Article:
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So, what are some of these therapies - first and foremost is diet. The Autism Research Institute has the DAN Protocol and diet and nutrition play a primary role.
Every parent on the planet wants the best for their child—the best education, the best future, the best job, the best health.  When, as a parent, you get a diagnosis of any kind, it is a frightening and confusing experience. What are the best choices, what are the best treatments, what are the odds my child will get better, what will happen to my child, will he or she suffer?  When the diagnosis of autism is made, so many people still worry that there IS no treatment, their child will always need to be taken care of—that there is no hope. 

Well, this is just not true—there is hope, there are treatments, and you do have choices.

Autism is what is known as a spectrum disorder—this means that autism can range from barely noticeable to profound-- a child with autism may function very well-or very poorly, depending on where they are on the spectrum. The core problem is with communication, behavior and social interactions. The problems usually develop before the age of 3—and boys are affected 3-4 times as much as girls are.  And—the rates of autism are rising….fast.  The usual mainstream opinion is a “pat-ourselves-on-the-back, we-are-so-good-at-diagnosing” approach.  My opinion is….not so much.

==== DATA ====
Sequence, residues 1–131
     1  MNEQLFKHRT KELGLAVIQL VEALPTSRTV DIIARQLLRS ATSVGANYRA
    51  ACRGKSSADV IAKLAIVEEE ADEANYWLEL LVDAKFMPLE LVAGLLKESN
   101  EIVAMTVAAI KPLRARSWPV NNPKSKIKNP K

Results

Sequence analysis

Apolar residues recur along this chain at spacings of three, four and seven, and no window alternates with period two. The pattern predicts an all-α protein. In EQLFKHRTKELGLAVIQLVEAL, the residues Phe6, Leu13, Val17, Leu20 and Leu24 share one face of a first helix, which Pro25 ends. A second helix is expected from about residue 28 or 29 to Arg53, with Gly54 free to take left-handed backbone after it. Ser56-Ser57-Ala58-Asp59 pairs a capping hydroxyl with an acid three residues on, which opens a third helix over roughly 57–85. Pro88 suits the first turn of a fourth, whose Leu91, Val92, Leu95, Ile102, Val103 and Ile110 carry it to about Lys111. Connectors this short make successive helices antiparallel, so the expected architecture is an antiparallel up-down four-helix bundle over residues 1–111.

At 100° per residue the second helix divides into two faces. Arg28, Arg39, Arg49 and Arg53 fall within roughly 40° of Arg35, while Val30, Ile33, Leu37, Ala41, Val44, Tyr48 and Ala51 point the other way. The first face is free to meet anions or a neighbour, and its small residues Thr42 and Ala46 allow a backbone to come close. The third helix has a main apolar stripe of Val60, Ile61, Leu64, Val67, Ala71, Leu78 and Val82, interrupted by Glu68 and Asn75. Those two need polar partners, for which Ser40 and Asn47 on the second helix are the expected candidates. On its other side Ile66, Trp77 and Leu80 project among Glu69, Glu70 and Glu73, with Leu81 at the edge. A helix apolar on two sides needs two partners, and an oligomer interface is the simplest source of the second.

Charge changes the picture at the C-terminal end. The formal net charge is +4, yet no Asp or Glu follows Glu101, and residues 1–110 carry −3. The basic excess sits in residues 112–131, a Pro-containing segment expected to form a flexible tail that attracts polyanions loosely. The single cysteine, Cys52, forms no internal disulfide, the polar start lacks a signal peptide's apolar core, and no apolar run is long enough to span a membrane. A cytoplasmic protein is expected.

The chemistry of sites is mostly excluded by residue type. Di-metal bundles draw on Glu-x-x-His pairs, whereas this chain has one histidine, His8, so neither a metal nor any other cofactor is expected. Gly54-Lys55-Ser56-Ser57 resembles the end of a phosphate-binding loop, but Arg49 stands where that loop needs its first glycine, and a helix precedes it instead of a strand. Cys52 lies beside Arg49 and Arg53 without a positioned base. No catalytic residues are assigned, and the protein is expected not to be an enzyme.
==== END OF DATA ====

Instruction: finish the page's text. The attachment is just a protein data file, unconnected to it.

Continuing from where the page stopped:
First of all, in a recent article in the Washington Post, the author of a recent study on the early diagnosis of autism,(where up to half the kids with autism were diagnosed early after parents filled out a questionnaire), was quoted saying “Half is better than none. Most pediatricians still aren’t doing any screening” If most pediatricians aren’t screening, how are we so much better at diagnosis?  In 2009, the rate of autism reported in the US hit 1 out of every 100 kids  which is closer to the rates being reported around the world. In 2007, the rate was reported at 1kid out of 150. Before 1985 the incidence was reported at 1 out of every 2-3000 kids. Part of these numbers CAN be explained with better diagnosis and a broader, better definition and understanding of what autism is—but, as Dr. Thomas Insel, director of the National Institute of Mental Health was quoted as saying "Buried in these numbers there may be a true increase."

So, what are the causes of autism?

At a recent symposium, Drs Lawrence Rosen and Patrick Hanaway presented data and a systems-biology and functional medicine approach to autism.  Systems biology is the holistic approach to understanding how various organs and systems work together—as a system. 

Functional medicine is an individualized, patient-centered approach to medicine,  recognizing that each individual is biochemically unique, that maintaining health is a dynamic process of balancing the various biological system and that there these systems are connected by a web of interactions—if you change the gut bacterial populations, you change the immune response.